Rental income earned and expenses incurred when you rent out your rental property located in Australia are declared at this section.
Rental property owners should remember three simple steps when preparing their return:
- Include all the income you receive
This includes income from short term rental arrangements (e.g., a holiday home), sharing part of your home, and other rental-related income such as insurance payouts and rental bond money you retain.
- Get your expenses right
- Eligibility – Claim only for expenses incurred for the period your property was rented or when you were actively trying to rent the property on commercial terms.
- Timing – Some expenses must be claimed over a number of years.
- Apportionment – Apportion your claim where your property was rented out for part of the year or only part of your property was rented out, where you used the property yourself or rented it below market rates. You must also apportion in line with your ownership interest.
- Keep records to prove it
You should keep records of both income and expenses relating to your rental property, as well as purchase and sale records.
And remember, renting property (including all or part of your own home) will usually give rise to a capital gain or loss when you sell the property – which you will need to include in your return in that year. For more information, see Capital gains or losses.
Key concepts – Rental income
Rental income is the full amount of money you earn when you rent out your property (including renting out a room through the sharing economy). You must include any bond money you:
- retained in place of rent, or
- kept because of damage to the property requiring repairs.
You must also include as income:
- an insurance payout for lost rent, or a reimbursement of any rental expenses, you claimed in 2018–19 or claimed in an earlier year
- fees retained from cancelled bookings.
For more information, see Rental income.
Key concepts – Rental expenses
You can claim most expenses relating to your rental property but only for the period your property was rented or genuinely available for rent, for example, advertised for rent without limiting its exposure to potential clients.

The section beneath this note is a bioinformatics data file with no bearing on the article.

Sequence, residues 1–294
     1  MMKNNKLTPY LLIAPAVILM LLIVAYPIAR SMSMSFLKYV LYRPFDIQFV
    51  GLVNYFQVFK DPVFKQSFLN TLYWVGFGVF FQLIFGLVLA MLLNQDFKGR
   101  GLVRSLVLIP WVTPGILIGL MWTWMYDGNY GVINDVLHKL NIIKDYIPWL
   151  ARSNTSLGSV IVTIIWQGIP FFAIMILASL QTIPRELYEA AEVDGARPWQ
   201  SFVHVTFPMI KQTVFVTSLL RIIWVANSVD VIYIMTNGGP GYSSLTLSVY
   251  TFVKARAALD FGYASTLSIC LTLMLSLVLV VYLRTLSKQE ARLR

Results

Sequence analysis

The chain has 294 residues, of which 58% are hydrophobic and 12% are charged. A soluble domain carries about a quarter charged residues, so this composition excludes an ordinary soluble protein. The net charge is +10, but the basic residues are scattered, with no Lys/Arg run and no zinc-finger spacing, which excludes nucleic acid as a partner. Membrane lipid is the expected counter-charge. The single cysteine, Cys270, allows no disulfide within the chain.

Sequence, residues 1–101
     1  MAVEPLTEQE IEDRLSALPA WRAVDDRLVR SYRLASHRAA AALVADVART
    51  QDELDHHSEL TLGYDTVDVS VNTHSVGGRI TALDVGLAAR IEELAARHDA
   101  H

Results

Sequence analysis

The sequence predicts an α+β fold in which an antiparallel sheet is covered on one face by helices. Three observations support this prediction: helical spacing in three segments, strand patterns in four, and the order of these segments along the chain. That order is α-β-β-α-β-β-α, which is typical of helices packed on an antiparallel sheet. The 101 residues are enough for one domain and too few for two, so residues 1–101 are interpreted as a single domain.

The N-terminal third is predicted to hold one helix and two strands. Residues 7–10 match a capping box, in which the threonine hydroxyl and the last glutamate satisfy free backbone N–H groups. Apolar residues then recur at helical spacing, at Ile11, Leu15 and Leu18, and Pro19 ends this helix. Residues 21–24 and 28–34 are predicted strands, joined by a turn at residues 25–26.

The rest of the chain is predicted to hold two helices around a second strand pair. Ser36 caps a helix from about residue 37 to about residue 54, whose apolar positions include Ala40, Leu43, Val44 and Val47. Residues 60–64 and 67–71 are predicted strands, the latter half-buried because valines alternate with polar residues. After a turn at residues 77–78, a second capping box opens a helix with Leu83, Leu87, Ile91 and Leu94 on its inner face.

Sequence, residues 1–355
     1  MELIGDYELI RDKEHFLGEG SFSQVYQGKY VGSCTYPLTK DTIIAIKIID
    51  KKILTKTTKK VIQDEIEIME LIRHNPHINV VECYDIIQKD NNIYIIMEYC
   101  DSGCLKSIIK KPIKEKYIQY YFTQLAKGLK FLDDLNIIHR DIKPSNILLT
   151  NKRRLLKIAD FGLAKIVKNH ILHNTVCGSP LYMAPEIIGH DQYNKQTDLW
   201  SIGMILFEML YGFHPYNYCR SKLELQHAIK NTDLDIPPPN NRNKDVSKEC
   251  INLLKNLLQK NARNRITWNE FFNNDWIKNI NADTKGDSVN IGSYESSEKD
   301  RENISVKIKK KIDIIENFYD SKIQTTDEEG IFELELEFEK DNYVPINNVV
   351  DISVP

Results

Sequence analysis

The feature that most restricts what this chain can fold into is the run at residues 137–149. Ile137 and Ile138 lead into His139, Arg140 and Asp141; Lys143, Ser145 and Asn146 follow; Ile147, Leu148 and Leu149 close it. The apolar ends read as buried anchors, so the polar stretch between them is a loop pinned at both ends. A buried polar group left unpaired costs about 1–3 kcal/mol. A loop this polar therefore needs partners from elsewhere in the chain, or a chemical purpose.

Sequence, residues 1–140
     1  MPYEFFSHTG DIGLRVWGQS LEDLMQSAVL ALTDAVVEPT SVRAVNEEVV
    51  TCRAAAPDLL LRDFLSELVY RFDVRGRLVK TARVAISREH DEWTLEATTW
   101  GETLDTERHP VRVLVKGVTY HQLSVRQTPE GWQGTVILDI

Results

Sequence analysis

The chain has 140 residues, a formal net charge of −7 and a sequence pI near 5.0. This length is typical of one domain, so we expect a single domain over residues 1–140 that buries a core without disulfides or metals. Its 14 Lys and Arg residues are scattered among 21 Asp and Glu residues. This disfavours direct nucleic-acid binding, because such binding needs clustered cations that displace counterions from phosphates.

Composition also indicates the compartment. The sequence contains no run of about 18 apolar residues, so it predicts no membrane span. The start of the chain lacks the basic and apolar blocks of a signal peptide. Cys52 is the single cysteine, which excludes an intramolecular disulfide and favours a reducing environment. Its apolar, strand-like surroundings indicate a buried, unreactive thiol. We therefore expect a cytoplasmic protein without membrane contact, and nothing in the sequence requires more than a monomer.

Expenses could include advertising for tenants, bank charges, body corporate fees, borrowing expenses, council rates, decline in value of depreciating assets, gardening and lawn mowing, insurance, land tax, pest control, property agent fees or commissions, repairs and maintenance, stationery, phone and water charges.
If you were renting only part of your home – for example, a single room – you can claim expenses related to renting out only that part of the house.
You cannot claim the total amount of the expenses – you need to apportion the expenses. As a general guide, you should apportion expenses on a floor-area basis based on the area solely occupied by the renter (user), and add that to a reasonable amount based on their access to common areas.
You can claim expenses only for the period the room in your home was rented to a client. You cannot claim deductions for expenses when the room is not rented.
You can claim 100% of fees or commissions charged by a sharing economy facilitator or administrator.
For more information, see Rental expenses.
Residential rental property travel expenses
Travel expenses relating to your residential rental property are not deductible unless you are carrying on a business of property investing. They cannot be included in calculations of your capital gain or capital loss when you dispose of the property.
If your travel expenses relate to your residential rental property and another income producing activity, you will need to apportion the expenses on a fair and reasonable basis.
For more information, see Travel and car expenses.
Deductions for decline in value of depreciating assets
You may be able to claim a deduction for the decline in value of certain items, known as depreciating assets, that you acquired as part of the purchase of your property or that you subsequently purchased for your property.
A depreciating asset is an asset that has a limited effective life and can reasonably be expected to decline in value over the time it is used. Examples of depreciating assets are freestanding furniture, stoves, washing machines and television sets.
You can use the Depreciation and capital allowances tool to work out any decline in value deduction as well as any deductible balancing adjustment when you stop holding a depreciating asset.
The tool can be accessed when you add your rental property details.
The following video shows you how to use the Depreciation and capital allowances tool.
Media:How to use the Depreciation and Capital Allowance Tool
https://tv.ato.gov.au/ato-tv/media?v=bd1bdiuboi7hkiExternal Link (Duration: 03:18)